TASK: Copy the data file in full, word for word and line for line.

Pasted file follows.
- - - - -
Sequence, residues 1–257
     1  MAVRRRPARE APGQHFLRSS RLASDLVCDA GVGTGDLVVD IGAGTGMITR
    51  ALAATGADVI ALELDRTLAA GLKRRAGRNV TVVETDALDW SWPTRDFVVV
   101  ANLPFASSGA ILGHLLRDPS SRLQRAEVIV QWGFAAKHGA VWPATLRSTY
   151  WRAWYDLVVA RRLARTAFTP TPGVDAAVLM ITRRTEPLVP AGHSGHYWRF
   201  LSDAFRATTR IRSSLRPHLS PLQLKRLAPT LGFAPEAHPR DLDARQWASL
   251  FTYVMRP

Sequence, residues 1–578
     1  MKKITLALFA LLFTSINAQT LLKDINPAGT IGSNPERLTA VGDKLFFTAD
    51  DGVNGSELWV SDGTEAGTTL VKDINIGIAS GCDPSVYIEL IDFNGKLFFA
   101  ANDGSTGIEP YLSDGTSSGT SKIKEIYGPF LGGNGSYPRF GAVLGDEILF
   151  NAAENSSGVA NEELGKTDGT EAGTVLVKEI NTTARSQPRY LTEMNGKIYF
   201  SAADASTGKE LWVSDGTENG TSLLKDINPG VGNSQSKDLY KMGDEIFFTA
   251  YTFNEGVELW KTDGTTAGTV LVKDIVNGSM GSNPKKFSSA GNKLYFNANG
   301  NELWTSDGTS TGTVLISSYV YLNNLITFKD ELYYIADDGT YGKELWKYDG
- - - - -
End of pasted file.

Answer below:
Sequence, residues 1–257
     1  MAVRRRPARE APGQHFLRSS RLASDLVCDA GVGTGDLVVD IGAGTGMITR
    51  ALAATGADVI ALELDRTLAA GLKRRAGRNV TVVETDALDW SWPTRDFVVV
   101  ANLPFASSGA ILGHLLRDPS SRLQRAEVIV QWGFAAKHGA VWPATLRSTY
   151  WRAWYDLVVA RRLARTAFTP TPGVDAAVLM ITRRTEPLVP AGHSGHYWRF
   201  LSDAFRATTR IRSSLRPHLS PLQLKRLAPT LGFAPEAHPR DLDARQWASL
   251  FTYVMRP

Sequence, residues 1–578
     1  MKKITLALFA LLFTSINAQT LLKDINPAGT IGSNPERLTA VGDKLFFTAD
    51  DGVNGSELWV SDGTEAGTTL VKDINIGIAS GCDPSVYIEL IDFNGKLFFA
   101  ANDGSTGIEP YLSDGTSSGT SKIKEIYGPF LGGNGSYPRF GAVLGDEILF
   151  NAAENSSGVA NEELGKTDGT EAGTVLVKEI NTTARSQPRY LTEMNGKIYF
   201  SAADASTGKE LWVSDGTENG TSLLKDINPG VGNSQSKDLY KMGDEIFFTA
   251  YTFNEGVELW KTDGTTAGTV LVKDIVNGSM GSNPKKFSSA GNKLYFNANG
   301  NELWTSDGTS TGTVLISSYV YLNNLITFKD ELYYIADDGT YGKELWKYDG